Consumers Getting Hosed at the Pump Again

It seldom works out well when the government prioritizes the profits of mega-corporations over the welfare of the nation and its citizens. The latest example is the hosing everyday Americans are getting at the gas pump so they can get to work, take the kids to school or drive to a grocery store to keep their families fed.

Despite the longstanding propaganda about “energy independence,” the simple truth is that we have been betrayed by lawmakers who once again kow-tow to the demands of the oil and gas industry.

You’d have to be a certain age to remember the Arab oil embargo of 1973-74 and the scenes of Americans waiting in long lines to get gas before the stations ran out — which many did. The Arab members of the Organization of Petroleum Exporting Countries (OPEC) quadrupled the price of its oil and simply stopped all oil shipments to the United States and other nations that supported and re-supplied Israel during the 1973 Yom-Kippur Arab-Israeli War.

Faced with an immediate shortage of fuel for transportation as well as home and business heating, the federal government took steps to meet the widespread crises significantly disrupting the lives and livelihood of its citizens and businesses and even curtailing the ability of the government to function.

To put it mildly, the actions imposed by the government were both drastic and extremely unpopular. In one of his last acts before leaving office, Republican President Richard Nixon rationed fuel supplies and signed into law a 55 mile per hour national speed limit. The goal was to ensure that vehicles would be getting the best mileage possible to stretch what supplies the nation had on hand … but it was almost impossible to adhere to, particularly in places like Montana where long distances were routinely required.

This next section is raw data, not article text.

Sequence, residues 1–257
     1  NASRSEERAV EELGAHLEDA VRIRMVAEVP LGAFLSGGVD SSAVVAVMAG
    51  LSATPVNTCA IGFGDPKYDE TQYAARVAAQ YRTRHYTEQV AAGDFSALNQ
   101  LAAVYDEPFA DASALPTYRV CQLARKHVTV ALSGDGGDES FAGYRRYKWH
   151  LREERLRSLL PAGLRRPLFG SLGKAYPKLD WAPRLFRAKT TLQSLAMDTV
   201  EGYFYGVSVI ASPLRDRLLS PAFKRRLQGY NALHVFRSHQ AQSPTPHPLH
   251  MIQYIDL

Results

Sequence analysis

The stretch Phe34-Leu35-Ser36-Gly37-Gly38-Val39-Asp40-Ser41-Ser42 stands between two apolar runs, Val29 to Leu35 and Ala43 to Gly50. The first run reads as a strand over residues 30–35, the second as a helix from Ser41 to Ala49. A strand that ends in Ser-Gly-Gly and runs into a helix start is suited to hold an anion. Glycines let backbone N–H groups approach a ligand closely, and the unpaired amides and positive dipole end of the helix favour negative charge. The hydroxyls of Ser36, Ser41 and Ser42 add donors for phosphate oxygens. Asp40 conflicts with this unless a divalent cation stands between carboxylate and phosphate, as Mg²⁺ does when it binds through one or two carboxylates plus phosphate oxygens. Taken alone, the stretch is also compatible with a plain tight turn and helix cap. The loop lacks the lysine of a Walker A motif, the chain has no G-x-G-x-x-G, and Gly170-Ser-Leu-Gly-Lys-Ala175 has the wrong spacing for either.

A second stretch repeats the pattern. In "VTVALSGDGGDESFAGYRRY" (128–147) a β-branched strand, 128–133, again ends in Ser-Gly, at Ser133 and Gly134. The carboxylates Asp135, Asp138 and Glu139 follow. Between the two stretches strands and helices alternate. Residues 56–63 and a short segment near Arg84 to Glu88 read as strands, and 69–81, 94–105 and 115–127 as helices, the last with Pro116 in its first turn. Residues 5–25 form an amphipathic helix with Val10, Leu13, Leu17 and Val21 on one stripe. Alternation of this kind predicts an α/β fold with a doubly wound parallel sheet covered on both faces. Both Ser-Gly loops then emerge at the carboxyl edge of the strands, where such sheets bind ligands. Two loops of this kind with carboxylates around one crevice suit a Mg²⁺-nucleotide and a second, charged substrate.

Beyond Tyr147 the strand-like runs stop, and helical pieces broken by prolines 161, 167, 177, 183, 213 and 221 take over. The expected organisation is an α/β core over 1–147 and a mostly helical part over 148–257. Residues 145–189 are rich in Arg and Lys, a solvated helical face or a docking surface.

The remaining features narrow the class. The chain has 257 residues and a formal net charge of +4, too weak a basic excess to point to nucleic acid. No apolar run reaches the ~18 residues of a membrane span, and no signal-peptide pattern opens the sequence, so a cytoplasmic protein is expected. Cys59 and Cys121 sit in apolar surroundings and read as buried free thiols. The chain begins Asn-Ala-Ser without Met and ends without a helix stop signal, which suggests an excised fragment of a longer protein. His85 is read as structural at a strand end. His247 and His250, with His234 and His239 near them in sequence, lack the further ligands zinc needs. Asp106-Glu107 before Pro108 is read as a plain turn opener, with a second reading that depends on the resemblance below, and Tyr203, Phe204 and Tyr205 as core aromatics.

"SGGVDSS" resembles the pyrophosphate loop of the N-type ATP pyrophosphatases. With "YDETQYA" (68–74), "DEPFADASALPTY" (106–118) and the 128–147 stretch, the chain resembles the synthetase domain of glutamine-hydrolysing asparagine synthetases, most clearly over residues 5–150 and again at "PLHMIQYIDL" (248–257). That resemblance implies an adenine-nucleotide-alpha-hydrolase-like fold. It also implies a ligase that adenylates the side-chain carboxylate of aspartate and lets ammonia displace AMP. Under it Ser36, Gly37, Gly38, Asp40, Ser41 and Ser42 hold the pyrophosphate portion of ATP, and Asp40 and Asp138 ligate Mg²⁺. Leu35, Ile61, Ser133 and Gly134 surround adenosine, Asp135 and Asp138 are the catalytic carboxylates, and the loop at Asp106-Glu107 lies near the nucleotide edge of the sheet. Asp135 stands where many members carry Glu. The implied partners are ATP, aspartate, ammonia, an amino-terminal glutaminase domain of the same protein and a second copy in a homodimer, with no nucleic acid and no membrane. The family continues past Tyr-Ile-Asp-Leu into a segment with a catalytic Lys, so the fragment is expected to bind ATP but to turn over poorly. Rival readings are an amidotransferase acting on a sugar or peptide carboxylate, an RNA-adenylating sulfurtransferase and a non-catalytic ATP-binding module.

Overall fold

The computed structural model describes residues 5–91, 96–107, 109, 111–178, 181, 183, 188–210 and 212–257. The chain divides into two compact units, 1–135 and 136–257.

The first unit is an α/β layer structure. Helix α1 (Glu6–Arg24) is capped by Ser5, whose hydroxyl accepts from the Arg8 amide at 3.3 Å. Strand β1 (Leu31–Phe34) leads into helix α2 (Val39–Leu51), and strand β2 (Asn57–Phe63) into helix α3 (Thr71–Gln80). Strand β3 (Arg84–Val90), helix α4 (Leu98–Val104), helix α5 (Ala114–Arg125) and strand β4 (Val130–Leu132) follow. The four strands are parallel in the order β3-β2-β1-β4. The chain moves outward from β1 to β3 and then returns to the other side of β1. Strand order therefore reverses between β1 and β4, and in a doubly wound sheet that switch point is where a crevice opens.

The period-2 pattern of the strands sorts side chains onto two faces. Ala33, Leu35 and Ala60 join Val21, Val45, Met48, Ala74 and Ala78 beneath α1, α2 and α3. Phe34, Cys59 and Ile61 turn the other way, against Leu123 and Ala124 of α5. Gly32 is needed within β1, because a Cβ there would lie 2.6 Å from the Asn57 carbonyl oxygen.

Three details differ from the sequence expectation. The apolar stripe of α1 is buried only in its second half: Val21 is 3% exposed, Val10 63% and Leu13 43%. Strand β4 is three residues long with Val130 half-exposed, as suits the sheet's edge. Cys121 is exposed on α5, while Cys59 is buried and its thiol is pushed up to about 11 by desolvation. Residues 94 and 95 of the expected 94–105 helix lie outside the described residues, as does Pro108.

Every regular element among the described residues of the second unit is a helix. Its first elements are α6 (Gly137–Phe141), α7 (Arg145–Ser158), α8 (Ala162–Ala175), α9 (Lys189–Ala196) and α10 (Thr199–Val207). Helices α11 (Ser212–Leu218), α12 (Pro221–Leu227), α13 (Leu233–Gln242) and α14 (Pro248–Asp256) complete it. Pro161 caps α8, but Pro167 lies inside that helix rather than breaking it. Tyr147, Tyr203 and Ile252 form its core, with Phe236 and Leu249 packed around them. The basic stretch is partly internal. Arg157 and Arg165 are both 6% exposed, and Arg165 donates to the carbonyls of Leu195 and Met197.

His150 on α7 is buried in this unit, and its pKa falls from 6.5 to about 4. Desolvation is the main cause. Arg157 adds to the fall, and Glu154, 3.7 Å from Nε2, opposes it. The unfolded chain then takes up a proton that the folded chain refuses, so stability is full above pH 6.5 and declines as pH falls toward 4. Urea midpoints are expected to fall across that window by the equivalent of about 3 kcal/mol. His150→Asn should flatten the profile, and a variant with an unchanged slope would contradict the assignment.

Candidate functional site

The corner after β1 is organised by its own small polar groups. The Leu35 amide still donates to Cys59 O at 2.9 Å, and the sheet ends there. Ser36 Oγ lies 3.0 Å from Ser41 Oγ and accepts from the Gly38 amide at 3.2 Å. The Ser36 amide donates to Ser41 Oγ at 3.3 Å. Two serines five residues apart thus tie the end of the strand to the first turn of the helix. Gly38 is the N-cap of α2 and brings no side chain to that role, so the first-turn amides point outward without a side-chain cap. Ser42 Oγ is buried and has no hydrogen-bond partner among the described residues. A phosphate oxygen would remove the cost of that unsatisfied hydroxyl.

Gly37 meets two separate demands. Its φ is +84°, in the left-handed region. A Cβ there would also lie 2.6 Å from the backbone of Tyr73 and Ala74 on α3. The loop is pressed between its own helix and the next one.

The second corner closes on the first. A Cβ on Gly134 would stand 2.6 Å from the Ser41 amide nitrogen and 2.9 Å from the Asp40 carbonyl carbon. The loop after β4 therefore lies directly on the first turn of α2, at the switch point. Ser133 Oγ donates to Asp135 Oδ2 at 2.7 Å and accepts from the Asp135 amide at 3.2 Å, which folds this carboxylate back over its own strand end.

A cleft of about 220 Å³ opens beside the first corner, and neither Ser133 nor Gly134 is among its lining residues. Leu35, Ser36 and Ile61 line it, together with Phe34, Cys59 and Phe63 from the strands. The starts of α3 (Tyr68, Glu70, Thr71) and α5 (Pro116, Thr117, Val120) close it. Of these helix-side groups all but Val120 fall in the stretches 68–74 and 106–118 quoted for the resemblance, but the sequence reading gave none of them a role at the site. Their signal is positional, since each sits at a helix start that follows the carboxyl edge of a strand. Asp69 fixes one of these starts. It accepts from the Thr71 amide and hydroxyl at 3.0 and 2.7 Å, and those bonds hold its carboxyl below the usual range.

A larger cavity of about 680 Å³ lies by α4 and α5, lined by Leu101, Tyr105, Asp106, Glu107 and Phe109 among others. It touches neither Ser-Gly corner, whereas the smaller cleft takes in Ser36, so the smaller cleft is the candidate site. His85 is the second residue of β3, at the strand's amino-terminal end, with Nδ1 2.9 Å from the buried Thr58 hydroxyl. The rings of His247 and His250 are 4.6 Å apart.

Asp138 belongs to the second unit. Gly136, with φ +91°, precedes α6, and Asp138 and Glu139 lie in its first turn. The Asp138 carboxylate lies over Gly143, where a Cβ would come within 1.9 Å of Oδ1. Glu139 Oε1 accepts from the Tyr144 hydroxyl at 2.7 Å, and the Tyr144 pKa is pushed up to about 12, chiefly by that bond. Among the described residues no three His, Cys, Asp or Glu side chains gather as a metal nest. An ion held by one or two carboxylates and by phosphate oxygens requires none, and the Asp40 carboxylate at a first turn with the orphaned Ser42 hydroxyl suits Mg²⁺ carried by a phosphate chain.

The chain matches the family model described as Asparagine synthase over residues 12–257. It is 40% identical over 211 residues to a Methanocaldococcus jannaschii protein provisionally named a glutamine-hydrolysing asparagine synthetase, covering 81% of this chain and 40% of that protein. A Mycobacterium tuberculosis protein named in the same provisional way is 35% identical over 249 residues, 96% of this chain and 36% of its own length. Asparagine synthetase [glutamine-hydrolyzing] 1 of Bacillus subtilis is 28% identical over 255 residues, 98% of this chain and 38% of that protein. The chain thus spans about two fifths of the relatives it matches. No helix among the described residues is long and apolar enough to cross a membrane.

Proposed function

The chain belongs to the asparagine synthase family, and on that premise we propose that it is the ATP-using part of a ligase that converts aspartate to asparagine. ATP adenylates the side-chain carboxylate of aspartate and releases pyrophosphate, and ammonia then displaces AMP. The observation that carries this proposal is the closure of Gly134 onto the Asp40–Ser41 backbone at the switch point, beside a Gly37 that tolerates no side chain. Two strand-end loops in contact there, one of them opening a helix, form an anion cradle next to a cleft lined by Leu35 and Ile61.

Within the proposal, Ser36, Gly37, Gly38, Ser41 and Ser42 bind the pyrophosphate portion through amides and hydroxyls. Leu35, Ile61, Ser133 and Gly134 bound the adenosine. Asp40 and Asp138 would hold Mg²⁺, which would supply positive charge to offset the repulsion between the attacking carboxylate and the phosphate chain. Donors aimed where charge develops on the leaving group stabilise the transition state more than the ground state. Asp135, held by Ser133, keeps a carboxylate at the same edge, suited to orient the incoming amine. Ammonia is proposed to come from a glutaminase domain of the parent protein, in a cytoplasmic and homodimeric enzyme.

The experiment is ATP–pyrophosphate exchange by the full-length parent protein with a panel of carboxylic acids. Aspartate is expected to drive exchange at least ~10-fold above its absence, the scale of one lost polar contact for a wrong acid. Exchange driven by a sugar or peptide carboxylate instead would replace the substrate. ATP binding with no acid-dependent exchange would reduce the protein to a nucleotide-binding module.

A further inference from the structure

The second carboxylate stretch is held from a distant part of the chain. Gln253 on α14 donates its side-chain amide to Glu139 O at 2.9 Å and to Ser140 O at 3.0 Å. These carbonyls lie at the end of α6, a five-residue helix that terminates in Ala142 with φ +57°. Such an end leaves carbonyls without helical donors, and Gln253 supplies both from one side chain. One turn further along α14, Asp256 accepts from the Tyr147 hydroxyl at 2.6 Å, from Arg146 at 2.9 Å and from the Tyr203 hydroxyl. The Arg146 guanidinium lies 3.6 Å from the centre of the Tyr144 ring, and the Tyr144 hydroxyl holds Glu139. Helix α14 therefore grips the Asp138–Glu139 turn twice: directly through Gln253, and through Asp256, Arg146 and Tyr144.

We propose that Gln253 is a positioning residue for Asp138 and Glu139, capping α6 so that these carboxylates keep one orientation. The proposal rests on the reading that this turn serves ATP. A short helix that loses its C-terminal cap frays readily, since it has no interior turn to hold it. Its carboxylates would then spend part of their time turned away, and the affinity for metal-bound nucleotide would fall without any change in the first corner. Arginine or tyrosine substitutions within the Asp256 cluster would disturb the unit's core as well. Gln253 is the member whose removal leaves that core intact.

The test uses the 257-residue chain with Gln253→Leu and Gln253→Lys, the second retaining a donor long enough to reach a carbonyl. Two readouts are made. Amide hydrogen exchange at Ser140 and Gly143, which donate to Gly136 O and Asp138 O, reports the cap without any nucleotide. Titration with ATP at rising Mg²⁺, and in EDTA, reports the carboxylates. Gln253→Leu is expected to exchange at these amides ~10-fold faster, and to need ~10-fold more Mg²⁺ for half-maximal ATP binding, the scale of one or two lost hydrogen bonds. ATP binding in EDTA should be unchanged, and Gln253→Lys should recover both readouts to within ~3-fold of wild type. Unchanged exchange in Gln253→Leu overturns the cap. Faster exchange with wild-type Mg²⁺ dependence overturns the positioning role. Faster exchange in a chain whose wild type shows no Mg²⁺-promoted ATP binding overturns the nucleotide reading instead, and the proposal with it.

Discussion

Following Nixon’s infamous departure, Republican President Gerald Ford signed into law the the Energy Policy and Conservation Act of 1975, which set vehicle fuel standards and prohibited exporting most domestically produced crude oil and created the Strategic Petroleum Reserve.

Its long reliance on imported oil obviously put the nation at enormous risk and so was born the call for “energy independence.” Despite the often-severe environmental impacts of quickly expanded exploration and production, the concept of meeting Americans’ energy needs with American-produced fuels made sense in many ways. It’s long been known that fossil fuels are finite and will eventually run out. Hence, keeping the nation’s petroleum production in sync with our consumption conserved these finite resources, ensuring national and economic security and avoiding foreign-induced supply crises.

Between 2007 and 2016 a vast expansion in fracking — using high-pressure injection of liquids and sand to force oil out of shale — grew U.S. oil production by 75 percent and natural gas production by 39 percent. Awash in oil, the mega-corporations decided it was time to end the export ban and in 2015, Congress and Democrat President Obama acceded to their demands.

So here we are again almost 50 years after the Arab oil embargo paralyzed the nation. Having foolishly decided to supply the world with oil to benefit oil and gas corporations, our citizens must now pay the price — which is projected to send home-heating costs skyrocketing this winter.

Clearly, Congress and President Biden should re-consider an export ban on U.S. fossil fuels to conserve our finite resources and achieve “energy independence” by matching domestic production to consumption. Since the primary function of government is to ensure the welfare of its citizens — not the already-bloated profits of rapacious multinational energy corporations — it’s time for our leaders to do just that.

George Ochenski is a columnist for the Daily Montanan, where this essay originally appeared.